Quantum Game Theory and Coordination in the Intellectual Property
By Ted Sichelman
The inventive and creative works protected by intellectual property laws are essentially public goods. As in the case of ordinary public goods, it is usually difficult for inventors and creators to erect non-legal barriers to prevent the use of their works (non-excludability), and any such use does not deplete their works (non-rivalry). Thus, scholars have long used classical game theoretic models of public goods to describe the strategies of players in intellectual property (IP) games. These models contain two seemingly common-sense assumptions: one, that if there are a finite number of decisions a player can make for any single move, the player must make exactly one decision; and two, that if a player engages only in a single game, the player will break a pre-game commitment with another player to follow a mutually beneficial strategy if it is in that player’s self-interest.
Recent extensions to classical game theory using the theory of quantum mechanics – known as quantum game theory (QGT) – have dispensed with these two assumptions, yielding radical new results for many types of games. For instance, in the classical version of the prisoner’s dilemma, two prisoners will fail to cooperate even though it is in their mutual interest to do so. However, in the quantum version, the prisoners’ decisions are often “entangled” in a mutually beneficial way that overcomes the ostensible barriers of classical self-interest, leading the players to cooperate. In this regard, quantum game theorists have suggested that if some exogenous quantum mechanical mechanism – like a quantum computer – could be used to entangle players in a public-goods game, doing so would diminish or eliminate sub-optimal free riding.
This paper contends that there are endogenous effects – specifically, quantum game theoretic phenomena present in the absence of external quantum computers – in certain types of IP games that may act to reduce classically predicted free riding, duplicated development costs, and deadweight losses. In particular, instead of modeling underlying IP rights as classical entities, this paper follows the suggestions of several earlier scholars that legal rights are probabilistic and, at least metaphorically, quantum in nature. In so doing, it shows that rights, including IP rights, exhibit an inherent quantum structure that allows players to avoid making a single classical choice for each move. By allowing the government – as a mechanism designer – to engage in quantum strategies, ordinary players can coordinate their strategies in non-classical ways, exhibiting forms of seemingly altruistic behavior and cooperation that are absent in classical models. The paper concludes by commenting briefly on how QGT might be applied more broadly to other areas of the law.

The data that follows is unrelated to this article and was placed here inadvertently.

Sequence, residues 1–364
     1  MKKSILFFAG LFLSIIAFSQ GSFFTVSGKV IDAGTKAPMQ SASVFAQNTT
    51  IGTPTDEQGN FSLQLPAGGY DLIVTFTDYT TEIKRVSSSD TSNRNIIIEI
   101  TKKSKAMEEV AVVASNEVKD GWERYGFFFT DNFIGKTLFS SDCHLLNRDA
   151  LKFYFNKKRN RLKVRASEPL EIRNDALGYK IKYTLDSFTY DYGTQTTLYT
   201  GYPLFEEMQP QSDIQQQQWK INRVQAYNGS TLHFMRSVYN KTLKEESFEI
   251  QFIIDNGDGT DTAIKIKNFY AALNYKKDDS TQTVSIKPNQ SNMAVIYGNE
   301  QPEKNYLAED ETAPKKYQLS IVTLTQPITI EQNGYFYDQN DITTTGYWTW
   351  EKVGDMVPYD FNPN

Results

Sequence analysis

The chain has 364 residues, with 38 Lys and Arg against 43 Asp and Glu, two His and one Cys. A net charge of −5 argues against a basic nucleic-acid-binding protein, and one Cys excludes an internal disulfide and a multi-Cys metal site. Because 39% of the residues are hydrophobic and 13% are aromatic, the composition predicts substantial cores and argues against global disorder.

The Web of Law
By Thomas A. Smith
Scientists and mathematicians in recent years have become intensely interested in the structure of networks. Networks turn out to be crucial to understanding everything from physics and biology, to economics and sociology. This article proposes that the science of networks has important contributions to make to the study of law as well. The network of American case law closely resembles the Web in structure and can be studied using techniques that are now being used to describe many other networks, some found in nature, and others created by human action. Studying the legal network can shed light on how the legal system evolves, and many other questions.
I present in this article the preliminary results of a significant citation study of nearly four million American legal precedents, which was undertaken at my request by the LexisNexis corporation using the Shepard's citation service. This study demonstrates that the American case law network has the overall structure that network theory predicts it would. It is a highly skewed, scale-free, or similar network. The remarkably great degree of skew is significant. Precedential authority is concentrated in a small number of cases. The vast majority of cases are rarely or never cited. In that it consists largely of dead cases, the Web of Law closely resembles scientific paper citation networks, which consist mostly of dead papers.
This article has three parts. First, I introduce some basic concepts of network science, including such important ideas as nodes, links, random graphs, evolving networks, scale-free networks, small worlds, the rich get richer dynamic, node fitness, and clusters. In Part II, I show that both over all and by particular jurisdiction, the Web of Law is a scale-free or similarly highly skewed network. In Part III, I describe some insights that appear from this application and suggest areas for future research.